Do you have an idea for improving MySQL? Or do you see a problem in the code you think you can fix? Do you want to see your contribution becoming a part of the MySQL Server codebase?
MySQL Engineering gives you the opportunity of having your code considered for inclusion in one of our upcoming releases.
How to contribute?
These are the steps to follow:
- Make sure you have signed the Oracle Contributor Agreement (OCA).
- File a bug report at http://bugs.mysql.com
- Attach your code to the “contributor” tab in the bug report.
That is all. At the time of writing, around 100 people have signed up as contributors to MySQL.
What happens then?
The bug system will automatically notify the Oracle manager responsible for monitoring contributions about the arrival of a new patch. In due course, the bug and the contribution will be assigned to a MySQL Server developer and the patch will be either accepted for inclusion or rejected. In the latter case, you will be notified and we will give you an explanation.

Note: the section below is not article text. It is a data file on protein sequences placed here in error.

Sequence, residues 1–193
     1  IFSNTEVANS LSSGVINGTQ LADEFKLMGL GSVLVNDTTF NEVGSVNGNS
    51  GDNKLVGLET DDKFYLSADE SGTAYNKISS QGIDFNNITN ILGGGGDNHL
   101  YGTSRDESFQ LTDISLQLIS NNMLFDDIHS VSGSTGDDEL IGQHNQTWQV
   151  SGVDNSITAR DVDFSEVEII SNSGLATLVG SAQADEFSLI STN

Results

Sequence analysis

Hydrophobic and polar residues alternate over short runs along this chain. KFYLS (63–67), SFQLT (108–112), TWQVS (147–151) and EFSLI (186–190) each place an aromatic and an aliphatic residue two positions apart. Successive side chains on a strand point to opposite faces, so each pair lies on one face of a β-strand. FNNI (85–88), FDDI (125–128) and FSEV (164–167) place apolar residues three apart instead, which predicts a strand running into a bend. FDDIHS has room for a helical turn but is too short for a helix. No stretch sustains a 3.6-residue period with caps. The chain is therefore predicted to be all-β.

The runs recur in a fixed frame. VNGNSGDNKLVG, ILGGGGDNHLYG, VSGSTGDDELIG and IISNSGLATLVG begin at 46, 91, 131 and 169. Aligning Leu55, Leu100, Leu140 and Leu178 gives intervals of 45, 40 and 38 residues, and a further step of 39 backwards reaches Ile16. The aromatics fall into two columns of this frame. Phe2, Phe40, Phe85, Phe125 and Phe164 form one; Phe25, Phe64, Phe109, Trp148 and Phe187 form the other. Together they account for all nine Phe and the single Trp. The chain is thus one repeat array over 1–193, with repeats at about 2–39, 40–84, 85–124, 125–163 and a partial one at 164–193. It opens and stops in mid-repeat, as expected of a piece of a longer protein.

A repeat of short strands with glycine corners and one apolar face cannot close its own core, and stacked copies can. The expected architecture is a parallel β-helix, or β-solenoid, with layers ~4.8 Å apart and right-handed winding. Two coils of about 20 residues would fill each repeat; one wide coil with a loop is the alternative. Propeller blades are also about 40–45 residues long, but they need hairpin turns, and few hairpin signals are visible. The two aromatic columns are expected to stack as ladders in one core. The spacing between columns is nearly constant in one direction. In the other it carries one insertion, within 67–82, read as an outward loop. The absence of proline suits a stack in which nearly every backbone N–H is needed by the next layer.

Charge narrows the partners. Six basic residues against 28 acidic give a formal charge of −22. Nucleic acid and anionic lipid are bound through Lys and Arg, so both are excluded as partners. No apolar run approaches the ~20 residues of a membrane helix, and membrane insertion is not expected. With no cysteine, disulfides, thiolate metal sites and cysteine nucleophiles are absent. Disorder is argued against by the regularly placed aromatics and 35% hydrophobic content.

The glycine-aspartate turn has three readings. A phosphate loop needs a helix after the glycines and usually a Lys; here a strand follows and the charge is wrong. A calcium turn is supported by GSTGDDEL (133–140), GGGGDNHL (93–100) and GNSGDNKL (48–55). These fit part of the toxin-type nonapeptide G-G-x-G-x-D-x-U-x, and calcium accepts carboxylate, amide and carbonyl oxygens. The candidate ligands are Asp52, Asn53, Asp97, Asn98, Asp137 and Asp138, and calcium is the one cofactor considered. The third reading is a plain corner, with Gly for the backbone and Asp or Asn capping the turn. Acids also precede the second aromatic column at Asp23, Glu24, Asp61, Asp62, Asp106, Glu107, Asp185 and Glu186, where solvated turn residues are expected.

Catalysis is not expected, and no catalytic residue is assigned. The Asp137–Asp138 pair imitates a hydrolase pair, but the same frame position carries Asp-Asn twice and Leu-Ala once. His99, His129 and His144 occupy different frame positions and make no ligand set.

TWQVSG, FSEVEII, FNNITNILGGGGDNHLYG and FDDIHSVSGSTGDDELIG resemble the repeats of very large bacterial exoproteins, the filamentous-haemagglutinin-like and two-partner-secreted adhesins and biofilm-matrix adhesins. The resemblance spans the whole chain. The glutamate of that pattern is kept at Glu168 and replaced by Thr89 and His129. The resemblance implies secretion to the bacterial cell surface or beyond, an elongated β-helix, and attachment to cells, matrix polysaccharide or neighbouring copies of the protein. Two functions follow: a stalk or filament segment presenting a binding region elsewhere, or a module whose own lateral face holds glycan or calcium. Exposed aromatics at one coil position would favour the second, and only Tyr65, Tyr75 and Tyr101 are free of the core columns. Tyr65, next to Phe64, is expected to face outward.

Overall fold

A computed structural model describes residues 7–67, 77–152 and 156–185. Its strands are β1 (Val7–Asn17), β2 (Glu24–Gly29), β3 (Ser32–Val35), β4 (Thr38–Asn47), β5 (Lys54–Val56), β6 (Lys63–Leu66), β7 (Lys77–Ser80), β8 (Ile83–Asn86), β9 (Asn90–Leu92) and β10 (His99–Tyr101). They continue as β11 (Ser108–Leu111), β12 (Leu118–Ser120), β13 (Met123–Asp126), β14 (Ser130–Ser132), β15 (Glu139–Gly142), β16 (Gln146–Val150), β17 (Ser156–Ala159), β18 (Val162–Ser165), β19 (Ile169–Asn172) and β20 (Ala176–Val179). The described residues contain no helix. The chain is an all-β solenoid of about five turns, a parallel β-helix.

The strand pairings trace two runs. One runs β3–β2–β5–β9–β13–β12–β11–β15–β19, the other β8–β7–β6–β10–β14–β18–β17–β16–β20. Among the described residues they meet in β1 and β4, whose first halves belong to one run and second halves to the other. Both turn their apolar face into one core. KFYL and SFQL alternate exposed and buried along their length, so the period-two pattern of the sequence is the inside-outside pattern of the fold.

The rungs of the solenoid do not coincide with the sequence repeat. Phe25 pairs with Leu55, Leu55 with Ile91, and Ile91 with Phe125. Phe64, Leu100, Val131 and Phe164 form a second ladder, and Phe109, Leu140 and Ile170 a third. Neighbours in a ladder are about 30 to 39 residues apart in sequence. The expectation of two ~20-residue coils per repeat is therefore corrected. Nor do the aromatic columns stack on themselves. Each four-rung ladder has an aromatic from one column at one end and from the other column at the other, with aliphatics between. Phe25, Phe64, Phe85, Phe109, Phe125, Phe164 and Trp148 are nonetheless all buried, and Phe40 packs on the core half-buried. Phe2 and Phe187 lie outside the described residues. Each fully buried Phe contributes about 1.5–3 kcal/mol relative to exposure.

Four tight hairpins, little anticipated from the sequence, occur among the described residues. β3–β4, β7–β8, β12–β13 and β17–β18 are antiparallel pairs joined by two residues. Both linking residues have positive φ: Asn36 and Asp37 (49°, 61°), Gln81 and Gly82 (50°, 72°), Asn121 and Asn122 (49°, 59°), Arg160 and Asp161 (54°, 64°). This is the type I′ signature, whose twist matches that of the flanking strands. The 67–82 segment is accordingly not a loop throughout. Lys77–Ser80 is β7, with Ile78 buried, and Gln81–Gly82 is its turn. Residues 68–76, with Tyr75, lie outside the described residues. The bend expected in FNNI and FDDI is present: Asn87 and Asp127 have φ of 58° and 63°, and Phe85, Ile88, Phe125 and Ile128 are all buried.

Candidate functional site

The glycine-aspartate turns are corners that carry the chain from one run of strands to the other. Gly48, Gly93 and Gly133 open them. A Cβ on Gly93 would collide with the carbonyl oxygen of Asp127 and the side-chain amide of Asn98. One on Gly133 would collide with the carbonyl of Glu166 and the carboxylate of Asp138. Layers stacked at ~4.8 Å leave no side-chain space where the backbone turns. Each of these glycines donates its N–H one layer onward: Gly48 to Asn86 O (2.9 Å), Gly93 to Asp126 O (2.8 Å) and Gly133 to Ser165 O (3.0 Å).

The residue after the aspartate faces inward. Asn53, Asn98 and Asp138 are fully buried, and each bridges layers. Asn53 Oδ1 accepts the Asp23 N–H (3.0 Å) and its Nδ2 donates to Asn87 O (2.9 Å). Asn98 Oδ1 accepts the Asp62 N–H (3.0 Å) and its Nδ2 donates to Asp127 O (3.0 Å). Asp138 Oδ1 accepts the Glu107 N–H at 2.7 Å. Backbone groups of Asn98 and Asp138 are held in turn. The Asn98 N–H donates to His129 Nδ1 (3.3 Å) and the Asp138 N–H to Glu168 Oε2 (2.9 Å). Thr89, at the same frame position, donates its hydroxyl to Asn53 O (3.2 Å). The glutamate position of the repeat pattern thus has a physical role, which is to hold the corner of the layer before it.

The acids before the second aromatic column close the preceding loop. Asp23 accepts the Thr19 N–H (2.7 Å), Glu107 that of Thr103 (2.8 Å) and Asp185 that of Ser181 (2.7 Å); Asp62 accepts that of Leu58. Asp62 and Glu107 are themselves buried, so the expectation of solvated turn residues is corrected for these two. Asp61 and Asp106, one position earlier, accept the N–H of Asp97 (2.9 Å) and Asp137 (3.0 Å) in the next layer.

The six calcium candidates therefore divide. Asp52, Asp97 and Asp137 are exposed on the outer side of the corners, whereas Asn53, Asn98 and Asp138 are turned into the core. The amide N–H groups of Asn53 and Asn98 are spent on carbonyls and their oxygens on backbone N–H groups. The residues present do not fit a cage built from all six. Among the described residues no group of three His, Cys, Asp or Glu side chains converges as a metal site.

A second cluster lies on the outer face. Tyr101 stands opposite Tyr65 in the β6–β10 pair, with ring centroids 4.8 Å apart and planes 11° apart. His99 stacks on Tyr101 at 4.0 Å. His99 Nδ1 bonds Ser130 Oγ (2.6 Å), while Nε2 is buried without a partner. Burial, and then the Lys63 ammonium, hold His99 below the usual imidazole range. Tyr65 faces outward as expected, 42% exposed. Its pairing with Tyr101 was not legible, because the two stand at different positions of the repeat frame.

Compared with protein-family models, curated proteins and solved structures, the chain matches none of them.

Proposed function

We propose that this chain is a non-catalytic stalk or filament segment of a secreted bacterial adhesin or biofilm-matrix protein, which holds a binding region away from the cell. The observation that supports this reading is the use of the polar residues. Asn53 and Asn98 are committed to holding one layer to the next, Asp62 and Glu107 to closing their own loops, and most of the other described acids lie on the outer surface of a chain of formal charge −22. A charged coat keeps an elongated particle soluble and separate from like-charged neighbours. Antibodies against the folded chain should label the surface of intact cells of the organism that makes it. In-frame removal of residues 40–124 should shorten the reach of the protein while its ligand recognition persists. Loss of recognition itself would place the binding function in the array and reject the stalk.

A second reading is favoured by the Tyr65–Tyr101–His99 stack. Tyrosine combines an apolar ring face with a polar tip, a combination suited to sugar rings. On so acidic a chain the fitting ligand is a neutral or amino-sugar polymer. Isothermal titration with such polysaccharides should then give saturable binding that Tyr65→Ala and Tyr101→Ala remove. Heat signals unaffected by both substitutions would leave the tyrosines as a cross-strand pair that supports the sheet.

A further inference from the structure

If the patch is accepted, it will be subject to the same scrutiny – code reviews and QA – as any change by a MySQL developer. In particular, we will ensure that the patch has proper test coverage and that it works all platforms that we deliver on.
Sometimes this means that the patch will be completely rewritten, but even so, we will still acknowledge it as your contribution. Venkatesh Duggirala from the replication team has blogged about the work he did on Davi Arnaut’s patch for dynamic slave replication filters and in particular about some of the design decisions the replication team had to make as part of this implementation.
We get and welcome all kinds of contributions – some are minor fixes to our stupid mistakes, others are full-fledged features that turn into worklogs and are pushed to our milestone releases. To get an idea about what contributions we have taken in recently, you can take a look at the lastest 5.6.16 community release notes from my colleague Morgan Tocker.